Armed company owner prevents former employee from beheading second woman

Guns are for self-defense against criminals
Guns are for self-defense against criminals

The media isn’t going to make much of this, but it does show the principal reason WHY law-abiding people should be allowed to own firearms. (H/T Czar B.)

Excerpt:

On September 26, an armed company owner intervened in an attack by shooting a former employee who had already beheaded one worker and was stabbing another.

The attack took place at Vaughan Foods in Moore, Oklahoma.

Fox News reports that the alleged attacker, 30-year-old Alton Nolen, drove his car into another car in the parking lot of Vaughan Foods’ parking lot, then entered the business and beheaded 54-year-old Collee Hufford. He was allegedly stabbing a second victim, 43-year-old Traci Johnson, when company owner Mark Vaughan drew the gun he was carrying and shot Nolen.

Vaughan is C.O.O. of the food company and “a reserve county deputy.”

Moore Police Sgt. Jeremy Lewis praised Vaughan’s actions, calling him a “hero.” He said the situation “could have gotten a lot worse” if had not had his gun.

The Associated Press reports that Lewis added: “This was not going to stop if [Vaughan] didn’t stop it.”

Nolen was recently fired from Vaughan Foods. The FBI is “probing whether Nolen’s recent conversion to Islam had anything to do with the attack.”

Time to review the evidence for allowing people to own and carry guns for self-defense.

A quick refresher on why people own guns

People own guns so that they deter criminals and reduce the crime rate in their communities. The more guns there are in the hands of law-abiding citizens, the lower the crime rate goes, because criminals don’t like being shot at by their crime victims.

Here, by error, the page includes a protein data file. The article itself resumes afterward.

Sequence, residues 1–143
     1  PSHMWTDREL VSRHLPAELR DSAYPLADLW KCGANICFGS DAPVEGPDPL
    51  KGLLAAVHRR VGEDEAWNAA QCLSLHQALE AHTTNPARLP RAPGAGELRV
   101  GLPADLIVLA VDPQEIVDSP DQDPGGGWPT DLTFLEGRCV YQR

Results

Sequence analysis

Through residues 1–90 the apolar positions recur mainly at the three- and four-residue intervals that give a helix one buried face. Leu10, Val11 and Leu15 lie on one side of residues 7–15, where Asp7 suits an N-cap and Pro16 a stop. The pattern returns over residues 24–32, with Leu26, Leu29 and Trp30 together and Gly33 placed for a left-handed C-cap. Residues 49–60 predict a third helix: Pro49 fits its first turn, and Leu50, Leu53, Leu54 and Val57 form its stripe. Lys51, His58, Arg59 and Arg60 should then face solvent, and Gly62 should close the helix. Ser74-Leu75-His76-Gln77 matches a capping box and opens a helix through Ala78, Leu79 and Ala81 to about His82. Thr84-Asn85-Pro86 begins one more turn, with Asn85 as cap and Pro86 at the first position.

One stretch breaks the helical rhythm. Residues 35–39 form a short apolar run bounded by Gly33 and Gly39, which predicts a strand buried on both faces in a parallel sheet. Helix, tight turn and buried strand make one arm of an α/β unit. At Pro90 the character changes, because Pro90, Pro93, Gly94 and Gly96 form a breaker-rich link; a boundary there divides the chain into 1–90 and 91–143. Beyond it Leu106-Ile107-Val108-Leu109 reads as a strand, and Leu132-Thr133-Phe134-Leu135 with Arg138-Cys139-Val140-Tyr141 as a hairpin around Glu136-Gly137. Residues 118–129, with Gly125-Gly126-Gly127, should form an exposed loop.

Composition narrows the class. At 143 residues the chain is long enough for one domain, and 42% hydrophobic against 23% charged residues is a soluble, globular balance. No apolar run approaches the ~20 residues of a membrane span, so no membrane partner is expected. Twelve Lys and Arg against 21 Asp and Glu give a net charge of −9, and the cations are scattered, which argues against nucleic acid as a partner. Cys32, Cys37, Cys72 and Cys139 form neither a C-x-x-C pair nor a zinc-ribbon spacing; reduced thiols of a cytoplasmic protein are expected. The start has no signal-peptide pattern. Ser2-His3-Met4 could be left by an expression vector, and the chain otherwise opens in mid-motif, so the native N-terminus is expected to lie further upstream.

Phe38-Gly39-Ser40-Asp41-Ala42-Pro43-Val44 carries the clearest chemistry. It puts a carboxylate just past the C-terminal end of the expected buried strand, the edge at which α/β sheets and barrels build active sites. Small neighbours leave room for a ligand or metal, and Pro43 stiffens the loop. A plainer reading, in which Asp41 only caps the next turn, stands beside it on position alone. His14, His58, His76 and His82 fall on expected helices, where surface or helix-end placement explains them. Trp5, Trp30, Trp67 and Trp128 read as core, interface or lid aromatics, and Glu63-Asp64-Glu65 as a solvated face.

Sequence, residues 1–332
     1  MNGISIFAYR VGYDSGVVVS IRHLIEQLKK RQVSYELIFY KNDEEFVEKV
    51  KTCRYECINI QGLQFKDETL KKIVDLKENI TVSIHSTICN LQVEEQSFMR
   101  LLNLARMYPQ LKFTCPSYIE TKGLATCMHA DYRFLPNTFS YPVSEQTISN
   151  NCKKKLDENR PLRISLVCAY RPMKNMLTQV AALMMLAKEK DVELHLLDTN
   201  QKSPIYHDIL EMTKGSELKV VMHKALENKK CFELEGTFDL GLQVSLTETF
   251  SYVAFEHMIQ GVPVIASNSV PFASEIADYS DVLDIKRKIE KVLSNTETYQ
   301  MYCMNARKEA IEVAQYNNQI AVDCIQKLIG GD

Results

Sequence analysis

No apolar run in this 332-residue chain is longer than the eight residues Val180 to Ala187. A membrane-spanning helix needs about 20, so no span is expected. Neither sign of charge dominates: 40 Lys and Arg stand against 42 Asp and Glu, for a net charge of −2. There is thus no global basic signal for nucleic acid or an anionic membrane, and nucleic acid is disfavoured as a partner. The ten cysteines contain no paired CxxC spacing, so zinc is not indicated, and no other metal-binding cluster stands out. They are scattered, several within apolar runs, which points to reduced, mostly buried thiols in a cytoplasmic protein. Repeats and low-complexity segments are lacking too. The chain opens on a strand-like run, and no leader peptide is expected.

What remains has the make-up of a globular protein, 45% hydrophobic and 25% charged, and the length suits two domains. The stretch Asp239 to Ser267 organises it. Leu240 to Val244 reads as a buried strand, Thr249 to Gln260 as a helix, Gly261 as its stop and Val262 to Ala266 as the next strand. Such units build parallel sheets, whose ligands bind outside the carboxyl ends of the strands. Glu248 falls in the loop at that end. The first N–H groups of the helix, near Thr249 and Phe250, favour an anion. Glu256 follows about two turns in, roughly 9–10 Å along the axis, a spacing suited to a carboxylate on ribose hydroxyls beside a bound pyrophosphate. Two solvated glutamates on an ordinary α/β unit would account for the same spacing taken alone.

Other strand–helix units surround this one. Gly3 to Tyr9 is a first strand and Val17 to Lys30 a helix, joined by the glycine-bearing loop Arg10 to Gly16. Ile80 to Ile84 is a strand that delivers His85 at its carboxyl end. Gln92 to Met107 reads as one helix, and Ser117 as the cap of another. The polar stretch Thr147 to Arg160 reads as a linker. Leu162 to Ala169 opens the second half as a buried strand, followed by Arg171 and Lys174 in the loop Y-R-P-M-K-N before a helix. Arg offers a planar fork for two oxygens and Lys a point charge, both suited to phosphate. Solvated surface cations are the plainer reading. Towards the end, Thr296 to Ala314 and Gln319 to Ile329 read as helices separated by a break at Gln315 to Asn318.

Whenever I get into discussions about gun control, I always mention two academic books by John R. Lott and Joyce Lee Malcolm.

Here is a paper by Dr. Malcolm that summarizes one of the key points of her book.

Excerpt:

Tracing the history of gun control in the United Kingdom since the late 19th century, this article details how the government has arrogated to itself a monopoly on the right to use force. The consequence has been a tremendous increase in violent crime, and harsh punishment for crime victims who dare to fight back. The article is based on the author’s most recent book, Guns and Violence: The English Experience (Harvard University Press, 2002). Joyce Malcom is professor of history at Bentley College, in Waltham, Massachusetts. She is also author of To Keep and Bear Arms: The Origins of an AngloAmerican Right (Harvard University Press, 1994).

Upon the passage of The Firearms Act (No. 2) in 1997, British Deputy Home Secretary Alun Michael boasted: “Britain now has some of the toughest gun laws in the world.” The Act was second handgun control measure passed that year, imposed a near-complete ban on private ownership of handguns, capping nearly eighty years of increasing firearms restrictions. Driven by an intense public campaign in the wake of the shooting of schoolchildren in Dunblane, Scotland, Parliament had been so zealous to outlaw all privately owned handguns that it rejected proposals to exempt Britain’s Olympic target-shooting team and handicapped target-shooters from the ban.

And the result of the 1997 gun ban: